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PLoS One. 2013 May 30;8(5):e64901. doi: 10.1371/journal.pone.0064901. Print 2013.

Conserved inhibitory mechanism and competent ATP binding mode for adenylyltransferases with Fic fold.

Author information

1
Focal Area Infection Biology, Biozentrum, University of Basel, Basel, Switzerland.

Abstract

The ubiquitous FIC domain is evolutionarily conserved from bacteria to human and has been shown to catalyze AMP transfer onto protein side-chain hydroxyl groups. Recently, it was predicted that most catalytically competent Fic proteins are inhibited by the presence of an inhibitory helix αinh that is provided by a cognate anti-toxin (class I), or is part of the N- or C-terminal part of the Fic protein itself (classes II and III). In vitro, inhibition is relieved by mutation of a conserved glutamate of αinh to glycine. For the class III bacterial Fic protein NmFic from Neisseria meningitidis, the inhibitory mechanism has been elucidated. Here, we extend above study by including bacterial class I and II Fic proteins VbhT from Bartonella schoenbuchensis and SoFic from Shewanella oneidensis, respectively, and the respective E->G mutants. Comparative enzymatic and crystallographic analyses show that, in all three classes, the ATP substrate binds to the wild-type FIC domains, but with the α-phosphate in disparate and non-competent orientations. In the E->G mutants, however, the tri-phosphate moiety is found reorganized to the same tightly bound structure through a unique set of hydrogen bonds with Fic signature motif residues. The γ-phosphate adopts the location that is taken by the inhibitory glutamate in wild-type resulting in an α-phosphate orientation that can be attacked in-line by a target side-chain hydroxyl group. The latter is properly registered to the Fic active center by main-chain β-interactions with the β-hairpin flap. These data indicate that the active site motif and the exposed edge of the flap are both required to form an adenylylation-competent Fic protein.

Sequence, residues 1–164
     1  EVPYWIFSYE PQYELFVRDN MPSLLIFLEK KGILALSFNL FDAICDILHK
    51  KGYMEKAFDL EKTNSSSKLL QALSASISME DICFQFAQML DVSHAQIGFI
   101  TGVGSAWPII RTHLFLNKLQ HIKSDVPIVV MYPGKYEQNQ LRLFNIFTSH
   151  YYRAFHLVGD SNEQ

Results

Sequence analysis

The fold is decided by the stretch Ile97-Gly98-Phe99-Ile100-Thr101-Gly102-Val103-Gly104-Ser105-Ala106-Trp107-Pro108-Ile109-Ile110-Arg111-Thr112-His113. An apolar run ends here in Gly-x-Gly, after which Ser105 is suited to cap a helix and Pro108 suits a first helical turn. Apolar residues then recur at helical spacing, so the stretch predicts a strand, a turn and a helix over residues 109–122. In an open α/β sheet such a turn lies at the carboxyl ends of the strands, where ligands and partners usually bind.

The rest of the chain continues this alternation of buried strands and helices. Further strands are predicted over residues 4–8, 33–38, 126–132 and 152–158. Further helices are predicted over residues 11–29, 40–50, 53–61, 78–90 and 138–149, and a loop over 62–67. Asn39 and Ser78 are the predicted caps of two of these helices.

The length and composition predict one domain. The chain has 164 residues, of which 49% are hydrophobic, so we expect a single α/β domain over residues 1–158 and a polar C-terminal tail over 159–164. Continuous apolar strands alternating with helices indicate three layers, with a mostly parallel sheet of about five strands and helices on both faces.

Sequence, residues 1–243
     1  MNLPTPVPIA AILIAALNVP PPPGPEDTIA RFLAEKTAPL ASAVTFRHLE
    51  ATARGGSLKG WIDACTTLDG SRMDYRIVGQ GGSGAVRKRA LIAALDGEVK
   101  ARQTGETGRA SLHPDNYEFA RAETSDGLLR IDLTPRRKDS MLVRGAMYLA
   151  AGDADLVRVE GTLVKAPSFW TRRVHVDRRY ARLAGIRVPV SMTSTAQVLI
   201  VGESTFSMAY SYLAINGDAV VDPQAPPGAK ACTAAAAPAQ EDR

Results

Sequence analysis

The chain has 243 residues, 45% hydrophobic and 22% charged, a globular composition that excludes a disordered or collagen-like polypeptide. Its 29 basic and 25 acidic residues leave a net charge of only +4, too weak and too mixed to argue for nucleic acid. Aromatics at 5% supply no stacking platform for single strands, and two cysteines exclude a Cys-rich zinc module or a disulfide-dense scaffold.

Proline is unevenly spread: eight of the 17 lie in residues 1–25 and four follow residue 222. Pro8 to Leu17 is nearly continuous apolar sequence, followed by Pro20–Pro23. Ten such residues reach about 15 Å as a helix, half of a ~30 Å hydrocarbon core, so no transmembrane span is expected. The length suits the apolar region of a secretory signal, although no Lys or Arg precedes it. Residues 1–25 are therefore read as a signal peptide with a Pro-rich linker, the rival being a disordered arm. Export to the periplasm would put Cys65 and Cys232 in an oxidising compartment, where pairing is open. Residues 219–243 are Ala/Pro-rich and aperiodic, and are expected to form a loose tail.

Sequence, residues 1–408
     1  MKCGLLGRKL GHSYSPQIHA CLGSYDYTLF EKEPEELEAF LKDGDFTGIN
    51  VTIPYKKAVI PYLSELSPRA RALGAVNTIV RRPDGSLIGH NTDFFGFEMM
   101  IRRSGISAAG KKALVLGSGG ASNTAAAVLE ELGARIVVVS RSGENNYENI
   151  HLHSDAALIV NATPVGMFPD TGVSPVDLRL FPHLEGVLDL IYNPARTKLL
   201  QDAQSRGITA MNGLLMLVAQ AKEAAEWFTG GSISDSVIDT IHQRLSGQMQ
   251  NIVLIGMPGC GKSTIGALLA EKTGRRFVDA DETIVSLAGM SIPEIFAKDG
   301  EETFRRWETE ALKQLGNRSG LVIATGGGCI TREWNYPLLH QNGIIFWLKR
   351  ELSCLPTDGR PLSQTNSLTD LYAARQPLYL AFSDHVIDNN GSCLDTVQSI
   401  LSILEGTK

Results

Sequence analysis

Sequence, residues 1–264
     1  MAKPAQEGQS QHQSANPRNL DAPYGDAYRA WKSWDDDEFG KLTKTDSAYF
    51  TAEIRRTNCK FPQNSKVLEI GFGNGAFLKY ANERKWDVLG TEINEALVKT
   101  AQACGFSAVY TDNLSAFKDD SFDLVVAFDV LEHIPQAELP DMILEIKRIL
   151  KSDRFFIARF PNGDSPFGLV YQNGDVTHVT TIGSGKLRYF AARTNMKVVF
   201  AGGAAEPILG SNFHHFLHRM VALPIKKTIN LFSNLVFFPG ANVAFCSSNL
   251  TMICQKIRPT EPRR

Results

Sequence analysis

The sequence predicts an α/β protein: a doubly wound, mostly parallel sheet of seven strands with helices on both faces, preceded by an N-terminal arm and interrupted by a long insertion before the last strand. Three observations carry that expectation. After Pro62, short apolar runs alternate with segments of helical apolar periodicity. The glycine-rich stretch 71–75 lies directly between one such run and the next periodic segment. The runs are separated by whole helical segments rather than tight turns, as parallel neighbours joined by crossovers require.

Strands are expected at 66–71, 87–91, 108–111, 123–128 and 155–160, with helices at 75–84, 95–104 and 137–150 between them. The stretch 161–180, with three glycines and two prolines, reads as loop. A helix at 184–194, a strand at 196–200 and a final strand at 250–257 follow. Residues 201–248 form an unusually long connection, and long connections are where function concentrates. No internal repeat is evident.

PMID:
23738009
PMCID:
PMC3667792
DOI:
10.1371/journal.pone.0064901
[Indexed for MEDLINE]
Free PMC Article

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